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How Chennai's Koyambedu wholesale market emerged as coronavirus hotspot

Asia's largest vegetable and fruit market, Koyambedu in Chennai is making headlines but not for the right reasons. On Monday, the busting market was closed after a sharp rise in coronavirus positive cases in the neighbouring district and Kerala's Wayanad. Chennai reported 279 cases on Saturday taking the total coronavirus positive tally to 3,390.

India TV News Desk India TV News Desk
New Delhi Updated on: May 10, 2020 10:32 IST
A crowded market in Chennai, Tamil Nadu
Image Source : PTI

A crowded market in Chennai, Tamil Nadu

Asia's largest vegetable and fruit market, Koyambedu in Chennai is making headlines but not for the right reasons. On Monday, the busting market was closed after a sharp rise in coronavirus positive cases in the neighbouring districts and Kerala's Wayanad. Chennai reported 279 cases on Saturday taking the total coronavirus positive tally to 3,390. Almost 40 per cent of the total cases in Chennai were linked to the Koyambedu cluster. Clearly, the social distancing norms went for a toss in the area resulting in a steep rise in COVID-19 cases. 

Koyambedu wholesale market attracts people from across Tamil Nadu who come here to sell their products or seeking work. 

“Koyambedu market is the only source of vegetable trading for the farmers of border areas of Chittoor. In fact, it is the biggest market in South India and is stretched over 65 acres. Every day, a large number of farmers from Palamaneru, Madanapalle, Satyavedu and Kuppam have been regularly going to Koyambedu to sell vegetables during the lockdown,” Chittoor district collector Dr N Bharat Gupta was quoted as saying by the Hindustan Times.

According to reports, the Tamil Nadu government acted indecisively even though signs of Koyambedu turned into a hotspot of coronavirus were evident around April 27. The Authorities could have shut it immediately without waiting for some alternative arrangement, but it would have hampered the supply of vegetables and fruits to the city. 

According to reports, workers and shopkeepers are more affected due to the virus as compared to the visitors. 

“Koyambedu is a problem that has cropped up over the last one week. But we continue to deal with the swelling clusters in crowded areas such as Royapuram, Tiru-vi-Ka Nagar and Pulianthope,” Greater Chennai Corporation special nodal officer J Radhakrishnan was quoted by TOI.

“We see people walking on the streets with masks inside their pockets, or wearing them around the neck. Today, I saw a guy sharing his mask with another man when they saw a policeman approaching them. What we need to do now is to ensure people understand that mask will prevent illness. They need to practice social distancing norms willingly,” he further added.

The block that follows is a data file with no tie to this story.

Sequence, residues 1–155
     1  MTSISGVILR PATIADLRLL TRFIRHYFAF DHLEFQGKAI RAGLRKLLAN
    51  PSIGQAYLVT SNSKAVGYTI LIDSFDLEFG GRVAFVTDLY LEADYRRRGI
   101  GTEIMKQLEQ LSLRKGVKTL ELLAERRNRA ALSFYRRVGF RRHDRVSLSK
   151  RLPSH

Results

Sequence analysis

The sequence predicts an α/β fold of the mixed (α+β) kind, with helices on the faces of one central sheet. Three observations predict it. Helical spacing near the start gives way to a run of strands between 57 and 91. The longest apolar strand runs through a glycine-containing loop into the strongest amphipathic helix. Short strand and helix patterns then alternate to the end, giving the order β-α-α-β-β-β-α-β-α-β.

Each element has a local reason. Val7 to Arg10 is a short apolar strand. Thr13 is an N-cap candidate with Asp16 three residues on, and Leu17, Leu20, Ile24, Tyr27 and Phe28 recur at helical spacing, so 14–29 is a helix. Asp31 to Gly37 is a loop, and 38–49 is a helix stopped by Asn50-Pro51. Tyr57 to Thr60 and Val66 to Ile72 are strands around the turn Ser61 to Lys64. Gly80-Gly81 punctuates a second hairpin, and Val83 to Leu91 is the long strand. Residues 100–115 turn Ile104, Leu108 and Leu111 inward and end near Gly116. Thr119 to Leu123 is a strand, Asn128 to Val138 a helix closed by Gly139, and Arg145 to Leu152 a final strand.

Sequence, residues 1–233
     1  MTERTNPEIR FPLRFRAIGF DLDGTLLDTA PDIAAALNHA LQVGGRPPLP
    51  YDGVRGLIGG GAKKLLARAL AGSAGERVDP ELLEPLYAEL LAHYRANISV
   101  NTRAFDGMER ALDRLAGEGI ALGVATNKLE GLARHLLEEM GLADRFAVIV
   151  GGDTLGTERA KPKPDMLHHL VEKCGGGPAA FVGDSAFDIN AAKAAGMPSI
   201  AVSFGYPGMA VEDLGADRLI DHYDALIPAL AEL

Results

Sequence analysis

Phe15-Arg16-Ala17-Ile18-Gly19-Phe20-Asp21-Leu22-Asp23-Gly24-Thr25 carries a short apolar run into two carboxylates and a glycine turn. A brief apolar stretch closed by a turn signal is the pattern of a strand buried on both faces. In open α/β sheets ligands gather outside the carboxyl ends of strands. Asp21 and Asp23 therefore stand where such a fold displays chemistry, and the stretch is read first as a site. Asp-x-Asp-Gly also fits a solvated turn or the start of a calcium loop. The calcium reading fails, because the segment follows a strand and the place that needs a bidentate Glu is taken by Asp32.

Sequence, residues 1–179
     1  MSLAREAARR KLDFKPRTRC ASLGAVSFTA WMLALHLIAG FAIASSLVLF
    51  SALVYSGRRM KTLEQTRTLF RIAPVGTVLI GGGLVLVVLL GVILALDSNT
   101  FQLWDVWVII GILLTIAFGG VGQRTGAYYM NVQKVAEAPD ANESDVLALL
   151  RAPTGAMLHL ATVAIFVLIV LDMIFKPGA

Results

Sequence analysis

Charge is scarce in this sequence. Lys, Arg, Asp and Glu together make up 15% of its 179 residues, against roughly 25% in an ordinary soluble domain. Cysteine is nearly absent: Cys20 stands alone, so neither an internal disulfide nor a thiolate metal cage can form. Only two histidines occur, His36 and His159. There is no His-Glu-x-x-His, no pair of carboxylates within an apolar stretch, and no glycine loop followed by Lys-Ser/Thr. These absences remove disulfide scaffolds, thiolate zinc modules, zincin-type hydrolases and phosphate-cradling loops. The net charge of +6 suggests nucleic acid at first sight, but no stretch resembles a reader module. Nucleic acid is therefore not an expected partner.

On Saturday an alternate vegetable market site was inspected by Chief Minister Edappadi K Palaniswami and Deputy Chief Minister O Panneerselvam at Thirumazhisai which will possibly start operations from Sunday onwards. The inspection will be followed by the allotment of shops at Thirumazhisai to the vegetable vendors from Koyambedu wholesale market.

Vegetable prices in Chennai skyrocket

Shutting the Koyambedu market has pushed retail vegetable prices in the city. Brinjal, which normally sells around Rs 30/kg is selling around Rs 100/kg, potatoes which normally is around Rs 40/kg has skyrocketed to Rs 80/kg. Bhindi was selling at Rs 100/kg while some retail outlets were selling green chillies at Rs 150 a kg.​

Concern in Thiruvalluar

But, the decision of shifting Koyambedu market to Thiriumazhisai in Thiruvalluar district, which is in the outskirt of the city, raises concerns among the people on the further spread of virus in the city.

According to a report in the Times of India, each shop in Thirumazhisai market will be given around 400-500 square-feet, with a front area of 200 square-feet to enable adequate physical distancing between customers. 

As the struggle to contain the virus continues, the infections have moved to the next layer in the contact network of victims. “It has gone beyond primary contacts. It has now spread to an extent that secondary sources are testing positive - some family members are infecting others. The numbers may increase till the middle of this month and we hope things look better post that,” a senior official privy to the developments told News 18. 

On May 1, Tamil Nadu Chief Minister Edappadi Palaniswami appointed a team led by senior bureaucrat and disaster management expert J Radhakrishnan as the chief nodal officer to control the virus in Chennai. Three days after Palaniswami made the appointment, the Koyambedu wholesale market was closed.

According to News 18, the Koyambedu cluster was not the first in rapid containment for Tamil Nadu. It emerged after the cluster outbreak linked to the Tablighi Jamaat conference. The Koyambedu market cluster is estimated to be nearly five times that of the Nizamuddin cluster in Tamil Nadu.

According to the state's health department, Tamil Nadu's Covid-19 case count reached 6,535 on Saturday after 526 fresh cases were reported in the South Indian state. After four more deaths getting reported, the death toll in the state reached 44. Of these over 6,500 cases, 1,867 cases are linked to Koyambedu market.

ALSO READ | Tamil Nadu reports 4 COVID-19 fatalities, death toll reaches 44; 526 test positive

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